8 Machiavellian Books to Make Niccolo Proud
553 years ago, on May 3, 1469, Niccolò Machiavelli was born. He was an Italian diplomat, philosopher, and political theorist, and many consider him the father of political philosophy and political science. During his life, he wrote four books, but he is most known for his controversial treatise, The Prince, a guide for new royals to navigate treacherous courts.
Machiavelli describes politics as a series of maneuverings where often, the ends justify the means in order to maintain power at all costs. He advocates for manipulation, using people or things for advantage, and that when it comes to power, it’s better to be feared than loved. These views led to these behaviors being described as "Machiavellian," and are often characterized as evil and nefarious.
The treatise, along with evolving interpretation of what Machiavelli meant, has been analyzed, discussed, and challenged for over five centuries. While these behaviors and principles have become woven into modern politics and corporate leadership, they’ve also been explored in literature. We’ve gathered eight books that capture the essence of Machiavellianism in nuanced, layered, and complex ways.
"A Game of Thrones" by George R.R. Martin
Anyone unsure whether this series is Machiavellian doesn’t need to look further than the title—A Game of Thrones. Power in Westeros is a prize for the nobles to play for. And through this gameplay, we see the various dynamics of Machiavellian principles come to light. Lord Peter Baelish never pretends that his loyalty isn't to his ambition first and always. Lord Varys wields information gained through the whispers of his little birds like a knife, which he then uses to his advantage—and only his advantage. The Lannister family consistently embraces ruling with fear rather than ever attempting to gain the people’s love. And almost every character admits that maintaining power is the most important thing and justifies their actions based on this belief. While the written series isn’t complete yet, it will be interesting to watch these styles and ideas escalate as each player manipulates the game board in order to win.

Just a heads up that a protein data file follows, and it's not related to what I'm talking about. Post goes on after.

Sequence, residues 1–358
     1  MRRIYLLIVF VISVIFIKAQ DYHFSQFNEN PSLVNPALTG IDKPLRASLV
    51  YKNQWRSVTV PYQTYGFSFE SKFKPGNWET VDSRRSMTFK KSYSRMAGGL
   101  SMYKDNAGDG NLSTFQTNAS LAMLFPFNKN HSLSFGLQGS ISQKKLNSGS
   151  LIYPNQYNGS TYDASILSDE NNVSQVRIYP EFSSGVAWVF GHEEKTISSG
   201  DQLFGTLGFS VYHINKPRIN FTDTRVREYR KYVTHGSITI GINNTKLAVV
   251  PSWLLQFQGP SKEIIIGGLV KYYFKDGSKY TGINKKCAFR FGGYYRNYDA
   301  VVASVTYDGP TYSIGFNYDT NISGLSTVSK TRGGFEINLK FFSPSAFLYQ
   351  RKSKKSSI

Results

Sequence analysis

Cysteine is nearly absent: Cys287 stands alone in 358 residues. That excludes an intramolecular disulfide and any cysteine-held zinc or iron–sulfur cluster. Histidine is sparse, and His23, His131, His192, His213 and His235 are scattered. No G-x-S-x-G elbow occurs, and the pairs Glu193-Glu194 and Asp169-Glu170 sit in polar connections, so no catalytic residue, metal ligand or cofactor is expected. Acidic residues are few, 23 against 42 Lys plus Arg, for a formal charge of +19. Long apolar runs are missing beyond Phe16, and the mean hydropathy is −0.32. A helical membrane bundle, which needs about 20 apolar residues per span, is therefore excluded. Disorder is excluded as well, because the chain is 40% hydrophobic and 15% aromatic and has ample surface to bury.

"Red Rising" by Pierce Brown
It’s difficult to view the Society as anything but Machiavellian. To be a Gold is to rule with fear—even within their own households. They send their children to the Institute knowing many won’t make it out alive. Power is always the point and must be maintained, no matter the cost. But the series takes a different approach with Darrow and the rebellious Sons of Ares. While many believe The Prince is simply a guide for evil men to follow, Brown asks readers to take a more philosophical approach. Namely, is the inherent nature of politics immoral? And if so, can the same principles that created power be used to overthrow corruption and create good? It’s a sharp line, and Darrow gets cut trying to balance his morals against the pressures of war. There are never easy answers, but the series does a good job exploring the questions Machiavelli’s theories raised.
"The Poppy War" by R.F. Kuang
Inspired by the ancient Song Dynasty, the Opium Wars in the middle of the 19th century, and the political rise of Mao Zedong in the mid-20th century, there are no shortage of Machiavellian viewpoints in this series. Rin’s entire journey is an exploration of how far she’s willing to go to win, and if she can get there without losing herself. She holds her secrets close, letting her plans unfold as if people were pawns on a chessboard. She’s willing to risk everything—including herself—in order to gain the upper hand. And she sees war as necessary. But more than anything, Rin doesn’t want to simply win, she wants to destroy her enemies entirely. Through a constant barrage of actual battles and psychological manipulations, we see how powerful, effective, and devastating these beliefs can actually be.
"The Talented Mr. Ripley" by Patricia Highsmith